I learned very quickly when I got started in wireless that Wi-Fi junkies love their IEEE standards documentation. As such, I decided to take a look at some IEEE standards and amendments. To get started, I downloaded and spent a bit of time reading IEEE Std 802.3-2008: CSMA/CD and IEEE Std 802.3at-2009.
I know what you're thinking: "What the heck? Those are wired standards, not wireless!". You are correct. However, the specifications for Power-over-Ethernet (PoE) and PoE+ can be found within these documents (Clause 33). A major concern for any wireless project is always going to be that of powering the access points.
Here is a brief snippet of the information I managed to pull from the specs:
Classification of a Powered Device (PD)
Not all devices require the same amount of power. The Power Source Equipment (PSE) can try and classify the PD to help manage the available power and ensure that all devices get only as much power as they need. There are currently, 5 classes of PDs.
level at PSE
level at PSE
|0||15.4 W||15.4 W|
|1||4.0 W||4.0 W|
|2||7.0 W||7.0 W|
|3||15.4 W||15.4 W|
|4||Treat as class 0||25.5 W|
Note: 802.3af is also referred to as poE and 802.3at is also referred to as PoE+.
As of IEEE Std 802.3at-2009, there are several different methods for determining a PDs classification:
- 1-Event Physical Layer classification (Can advertise classes 0,1,2, or 3.)
- 2-Event Physical Layer classification (Can advertise class 4)
- Data Link Layer classification (Can advertise class 4)
If a device only implements 1-Event classification, then it is referred to as a Type 1 device and can only draw upto 15.4 W at the PSE (PoE). If a device implements 2-Event classification and Data Link Layer classification, then it can draw upto 25.5 W (PoE+).
Types of PSEs
There are two types of PSEs: Endpoint PSEs (ie. a PoE-capable switch), and Midspan PSEs (ie. an injector). A few interesting details about the capabilities and allowances of both types:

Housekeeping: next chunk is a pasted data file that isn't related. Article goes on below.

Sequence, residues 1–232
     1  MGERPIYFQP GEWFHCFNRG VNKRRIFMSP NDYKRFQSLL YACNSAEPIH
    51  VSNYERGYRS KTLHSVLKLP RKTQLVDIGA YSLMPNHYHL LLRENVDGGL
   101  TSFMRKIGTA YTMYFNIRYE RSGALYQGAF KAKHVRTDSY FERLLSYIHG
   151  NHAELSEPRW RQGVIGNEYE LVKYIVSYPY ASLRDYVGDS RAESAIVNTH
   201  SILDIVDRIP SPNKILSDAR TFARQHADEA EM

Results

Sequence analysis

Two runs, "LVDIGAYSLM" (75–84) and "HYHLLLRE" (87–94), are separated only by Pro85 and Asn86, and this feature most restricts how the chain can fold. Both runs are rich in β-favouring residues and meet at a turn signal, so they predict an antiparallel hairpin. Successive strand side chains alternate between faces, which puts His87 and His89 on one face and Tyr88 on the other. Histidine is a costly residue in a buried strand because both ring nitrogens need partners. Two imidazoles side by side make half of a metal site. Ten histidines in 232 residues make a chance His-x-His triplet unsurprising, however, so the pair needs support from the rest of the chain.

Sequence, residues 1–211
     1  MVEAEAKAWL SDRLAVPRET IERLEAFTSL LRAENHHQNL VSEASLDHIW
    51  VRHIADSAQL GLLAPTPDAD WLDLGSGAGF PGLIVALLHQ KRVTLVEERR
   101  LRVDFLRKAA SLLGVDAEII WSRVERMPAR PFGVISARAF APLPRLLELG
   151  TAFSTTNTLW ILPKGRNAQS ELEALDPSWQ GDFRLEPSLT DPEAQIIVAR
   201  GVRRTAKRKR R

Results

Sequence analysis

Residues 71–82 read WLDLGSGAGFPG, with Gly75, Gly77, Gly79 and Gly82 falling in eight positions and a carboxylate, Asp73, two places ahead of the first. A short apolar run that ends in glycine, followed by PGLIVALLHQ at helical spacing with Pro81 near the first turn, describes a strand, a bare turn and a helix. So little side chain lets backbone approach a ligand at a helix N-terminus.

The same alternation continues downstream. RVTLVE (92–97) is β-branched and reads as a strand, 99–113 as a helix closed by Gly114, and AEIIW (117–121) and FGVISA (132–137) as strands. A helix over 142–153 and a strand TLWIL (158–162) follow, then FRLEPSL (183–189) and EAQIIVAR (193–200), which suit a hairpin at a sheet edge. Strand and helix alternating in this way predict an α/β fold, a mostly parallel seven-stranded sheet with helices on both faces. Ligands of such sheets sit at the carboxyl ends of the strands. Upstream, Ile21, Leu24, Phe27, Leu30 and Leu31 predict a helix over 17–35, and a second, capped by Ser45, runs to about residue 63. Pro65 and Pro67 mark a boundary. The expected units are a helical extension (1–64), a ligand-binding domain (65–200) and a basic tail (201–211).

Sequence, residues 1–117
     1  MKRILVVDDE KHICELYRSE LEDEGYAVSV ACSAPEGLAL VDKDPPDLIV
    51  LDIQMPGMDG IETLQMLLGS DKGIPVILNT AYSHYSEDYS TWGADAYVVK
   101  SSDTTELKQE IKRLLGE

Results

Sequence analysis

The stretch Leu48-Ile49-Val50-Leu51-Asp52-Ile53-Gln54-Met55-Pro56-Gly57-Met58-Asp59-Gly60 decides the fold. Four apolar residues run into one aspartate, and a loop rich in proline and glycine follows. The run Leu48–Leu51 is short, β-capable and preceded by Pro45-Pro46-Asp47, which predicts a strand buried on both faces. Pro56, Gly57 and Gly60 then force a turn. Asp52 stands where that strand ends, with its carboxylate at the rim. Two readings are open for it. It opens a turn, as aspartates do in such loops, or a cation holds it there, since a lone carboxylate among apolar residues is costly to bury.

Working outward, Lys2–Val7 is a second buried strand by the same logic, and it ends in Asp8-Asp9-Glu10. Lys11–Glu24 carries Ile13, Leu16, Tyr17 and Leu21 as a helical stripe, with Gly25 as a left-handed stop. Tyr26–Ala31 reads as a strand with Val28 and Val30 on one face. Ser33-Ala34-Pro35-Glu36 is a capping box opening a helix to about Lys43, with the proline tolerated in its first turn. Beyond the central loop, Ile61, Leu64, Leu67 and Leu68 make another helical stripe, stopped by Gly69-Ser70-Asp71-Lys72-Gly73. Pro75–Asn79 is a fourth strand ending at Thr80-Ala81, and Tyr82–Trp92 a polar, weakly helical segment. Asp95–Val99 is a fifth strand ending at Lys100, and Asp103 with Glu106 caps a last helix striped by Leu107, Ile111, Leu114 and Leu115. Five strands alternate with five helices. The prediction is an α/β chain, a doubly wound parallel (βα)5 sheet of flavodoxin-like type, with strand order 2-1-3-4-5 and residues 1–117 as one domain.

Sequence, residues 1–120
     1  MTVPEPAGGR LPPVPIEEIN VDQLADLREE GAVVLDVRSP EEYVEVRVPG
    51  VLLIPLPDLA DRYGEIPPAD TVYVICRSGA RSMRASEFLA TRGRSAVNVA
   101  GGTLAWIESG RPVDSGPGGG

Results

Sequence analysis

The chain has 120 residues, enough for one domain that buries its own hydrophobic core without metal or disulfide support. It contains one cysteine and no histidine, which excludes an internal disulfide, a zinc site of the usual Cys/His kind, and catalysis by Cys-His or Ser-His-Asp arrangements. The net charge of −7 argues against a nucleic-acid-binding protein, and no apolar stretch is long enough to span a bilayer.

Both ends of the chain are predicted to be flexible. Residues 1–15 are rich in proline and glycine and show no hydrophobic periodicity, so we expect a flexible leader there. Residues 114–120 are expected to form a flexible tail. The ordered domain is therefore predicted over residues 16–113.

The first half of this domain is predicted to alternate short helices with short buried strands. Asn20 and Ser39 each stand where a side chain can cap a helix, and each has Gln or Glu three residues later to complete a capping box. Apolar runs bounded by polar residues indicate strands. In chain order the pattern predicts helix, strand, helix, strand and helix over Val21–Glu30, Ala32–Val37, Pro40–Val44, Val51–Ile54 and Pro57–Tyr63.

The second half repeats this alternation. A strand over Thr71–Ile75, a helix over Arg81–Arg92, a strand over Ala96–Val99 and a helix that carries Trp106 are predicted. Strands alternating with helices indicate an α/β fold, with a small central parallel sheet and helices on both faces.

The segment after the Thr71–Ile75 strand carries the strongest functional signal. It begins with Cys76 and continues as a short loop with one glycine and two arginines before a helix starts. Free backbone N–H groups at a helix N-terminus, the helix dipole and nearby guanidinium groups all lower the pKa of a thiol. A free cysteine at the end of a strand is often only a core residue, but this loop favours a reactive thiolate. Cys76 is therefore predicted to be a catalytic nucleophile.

So what am I getting at?
For many of you, this is nothing new. And quite honestly, aside from the different classes, it wasn't really new for me either. However, the exercise of reading throught the standard was really my goal here. There are some take-aways and questions though:
- If you are using a 1000BASE-T PoE (802.3af) midspan injector, it technically is not supported under the standard. Results may very from injector to injector.
- There are some PSEs on the market that claim to provide upto 51 Watts of power. They do this by providing power over all four twisted pairs instead of only two. This is specifically noted as an unsupported configuration in IEEE 802.3at-2009 Clause 33. Therefore, these devices are also proprietary and may not play well with your gear.
- What will power requirements for 802.11ac and 802.11ad look like? Currently, 3x3:3 APs are pushing the limits of 802.3af so it seems safe to assume that these newer APs will make the leap into 802.3at territory. Can your current switches serve up 802.3at power? If not, wired switch refreshes might need to be timed to coincide with 802.11ac/ad rollouts. What are you thoughts?
As we deploy more and more access points, the need to properly manage power consumption is going to become more important. Reading through these standards and amendments was a good way to keep myself informed of the different methods and technologies availabe for doing so. At the very least, just learning what all the different acronyms and terms meant will make reading vendor specifications easier for me in the future.
Got anything to add to my limited summary of the more interesting power-over-ethernet specs? Feel free to leave a comment and I'll try and get it added in.